RAZOR - Escape the Fire  LP
RAZOR - Escape the Fire  LP
RAZOR - Escape the Fire  LP
RAZOR - Escape the Fire  LP
RAZOR - Escape the Fire  LP
RAZOR - Escape the Fire  LP
RAZOR - Escape the Fire LP


HRR 779LP, ltd 1000, 300 x black, 300 x red/ yellow marbled, 300 x transparent ultra clear with red & yellow "fire splatter" vinyl + 100 x neon yellow vinyl (HRR mailorder exclusive), 425gsm heavy cardboard cover, uncoated paper insert, A5 photo card

Stace “Sheepdog” McLaren – vocals
Dave Carlo – guitar
Mike Campagnolo – bass
Mike “M-Bro” Embro – Drums

01 City of Damnation
02 Time Bomb
03 Distant Thunder
04 Gatecrasher
05 Metal Avenger

06 Heavy Metal Attack
07 Frostbite
08 Deathrace
09 Ready for Action
10 Escape the Fire
11 March of Death

1st pressing LAST COPIES
2nd pressing: February 18th


Mastered and restored by Patrick W. Engel at TEMPLE OF DISHARMONY in July 2020.

After Canadian thrash metal legends Razor had released their self-financed debut EP »Armed And Dangerous« in 1984, they were surprised to get the attention of Attic Records, the country’s leading major record company at the time. The band soon inked a deal with the label and was destined to spearhead the company’s new Viper Records division.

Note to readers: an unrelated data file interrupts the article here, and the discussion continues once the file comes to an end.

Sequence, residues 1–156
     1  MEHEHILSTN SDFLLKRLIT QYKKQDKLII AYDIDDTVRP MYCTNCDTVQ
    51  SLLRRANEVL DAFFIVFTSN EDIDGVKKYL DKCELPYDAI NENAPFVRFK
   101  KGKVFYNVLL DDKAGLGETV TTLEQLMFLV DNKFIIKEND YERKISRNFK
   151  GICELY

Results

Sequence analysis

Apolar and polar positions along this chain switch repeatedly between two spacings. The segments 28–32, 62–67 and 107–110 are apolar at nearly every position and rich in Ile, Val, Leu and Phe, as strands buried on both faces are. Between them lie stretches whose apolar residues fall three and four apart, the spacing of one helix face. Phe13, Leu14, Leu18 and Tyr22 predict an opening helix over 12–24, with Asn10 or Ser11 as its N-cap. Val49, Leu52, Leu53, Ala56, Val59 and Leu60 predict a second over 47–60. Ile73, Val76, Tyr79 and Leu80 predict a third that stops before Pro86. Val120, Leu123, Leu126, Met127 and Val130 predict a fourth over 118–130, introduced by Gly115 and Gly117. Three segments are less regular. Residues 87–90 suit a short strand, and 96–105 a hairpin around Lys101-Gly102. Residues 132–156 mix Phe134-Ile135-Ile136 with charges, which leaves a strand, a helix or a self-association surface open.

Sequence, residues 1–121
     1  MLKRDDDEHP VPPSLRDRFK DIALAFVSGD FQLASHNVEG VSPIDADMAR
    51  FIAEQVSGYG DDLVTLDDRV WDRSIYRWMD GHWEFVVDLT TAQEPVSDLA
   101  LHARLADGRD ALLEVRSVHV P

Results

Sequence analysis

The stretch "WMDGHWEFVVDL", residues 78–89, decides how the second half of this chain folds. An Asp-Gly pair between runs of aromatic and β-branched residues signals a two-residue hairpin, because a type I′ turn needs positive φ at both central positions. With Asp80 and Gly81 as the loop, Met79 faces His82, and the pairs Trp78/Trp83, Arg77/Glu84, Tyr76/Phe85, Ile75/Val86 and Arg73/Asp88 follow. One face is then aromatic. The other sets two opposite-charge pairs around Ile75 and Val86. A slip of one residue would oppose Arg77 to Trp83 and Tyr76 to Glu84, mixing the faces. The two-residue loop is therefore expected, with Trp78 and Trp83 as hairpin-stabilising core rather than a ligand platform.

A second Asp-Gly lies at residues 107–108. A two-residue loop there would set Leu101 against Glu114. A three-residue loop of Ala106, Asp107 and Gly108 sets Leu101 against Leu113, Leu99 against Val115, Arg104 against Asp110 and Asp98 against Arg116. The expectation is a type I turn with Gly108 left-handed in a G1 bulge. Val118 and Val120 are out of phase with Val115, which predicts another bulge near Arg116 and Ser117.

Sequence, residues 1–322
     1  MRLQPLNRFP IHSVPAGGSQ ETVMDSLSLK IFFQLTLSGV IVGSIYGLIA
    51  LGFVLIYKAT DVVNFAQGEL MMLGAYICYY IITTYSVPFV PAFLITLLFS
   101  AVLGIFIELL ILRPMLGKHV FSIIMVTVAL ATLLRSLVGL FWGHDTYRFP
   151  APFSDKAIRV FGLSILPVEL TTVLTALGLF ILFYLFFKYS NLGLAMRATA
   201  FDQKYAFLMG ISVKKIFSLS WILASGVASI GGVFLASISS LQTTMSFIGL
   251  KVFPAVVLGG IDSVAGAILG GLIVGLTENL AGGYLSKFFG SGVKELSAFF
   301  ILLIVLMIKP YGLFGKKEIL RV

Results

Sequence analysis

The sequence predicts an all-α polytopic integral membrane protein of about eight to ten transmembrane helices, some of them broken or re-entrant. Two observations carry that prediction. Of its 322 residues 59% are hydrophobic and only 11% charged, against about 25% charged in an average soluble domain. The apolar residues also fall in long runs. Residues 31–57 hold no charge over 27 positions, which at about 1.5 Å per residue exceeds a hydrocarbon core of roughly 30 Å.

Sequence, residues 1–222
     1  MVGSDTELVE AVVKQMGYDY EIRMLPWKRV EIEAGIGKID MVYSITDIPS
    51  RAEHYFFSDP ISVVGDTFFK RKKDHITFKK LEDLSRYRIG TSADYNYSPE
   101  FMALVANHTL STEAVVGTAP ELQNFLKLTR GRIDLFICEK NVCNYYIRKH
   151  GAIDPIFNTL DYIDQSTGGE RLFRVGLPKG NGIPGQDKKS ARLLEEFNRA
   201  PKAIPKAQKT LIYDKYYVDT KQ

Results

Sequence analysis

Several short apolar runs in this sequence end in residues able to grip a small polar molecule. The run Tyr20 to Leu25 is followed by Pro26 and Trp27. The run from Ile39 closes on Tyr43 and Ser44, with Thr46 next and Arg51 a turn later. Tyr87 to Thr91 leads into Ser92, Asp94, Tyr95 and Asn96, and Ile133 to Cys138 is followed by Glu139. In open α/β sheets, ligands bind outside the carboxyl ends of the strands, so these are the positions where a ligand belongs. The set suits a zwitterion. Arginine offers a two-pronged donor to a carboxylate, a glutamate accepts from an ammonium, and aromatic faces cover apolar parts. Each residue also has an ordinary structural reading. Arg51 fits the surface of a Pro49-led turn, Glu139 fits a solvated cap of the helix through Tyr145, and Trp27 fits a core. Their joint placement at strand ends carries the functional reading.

»Escape The Fire« was originally planned to be the follow-up to »Armed And Dangerous« but in the end it did not work out like this. Attic put pressure on the young band and had their own ideas of shaping the future of Razor. The result was »Executioner’s Song«. Original bassist Mike Campagnolo tells the whole story: “Let’s face it, when any young band is given a shot at a record deal, it usually leans heavily in the label’s favour. Sure, we were inexperienced but they were also treading in unknown waters with the new Viper division, so there was a bit of lost advantage all around. I think we learned a bit from each other but hey, it’s usually the person with the cash making the final decisions. The main problem was that they were trying to cash in on anything we released instead of promoting a newer direction as the metal scene began to get harder and faster. They really didn’t grasp how the scene was changing and progressing and didn’t really get ahead of that wave. They had a pattern of how to deal with artists and stuck to that formula instead of seeing that this genre was here to stay and not just a fad. Attic showed that strategy with »Executioner’s Song« when they wanted some songs off of »Armed And Dangerous« and the »Escape The Fire« demo to create that release.”
The record company people insisted that the band re-recorded “Take This Torch”, “Fast And Loud”, “The End” and “Hot Metal” off »Armed And Dangerous« and put it on the first Viper Records album (which turned out to be »Executioner’s Song«). “Sort of yes!,” confirms Mike Campagnolo. “They were really eager to include these songs on the first full-length album. They thought they were strong tracks for sure but the consensus was made and we agreed to the decision. I guess because »Armed And Dangerous« was such a limited release, they were hoping that these songs would reach a wider audience throughout the world, which I guess sort of worked out. ‘Take This Torch’ and ‘Hot Metal’ are songs we still include in our set today, so I guess they did achieve a sort of lasting power over time.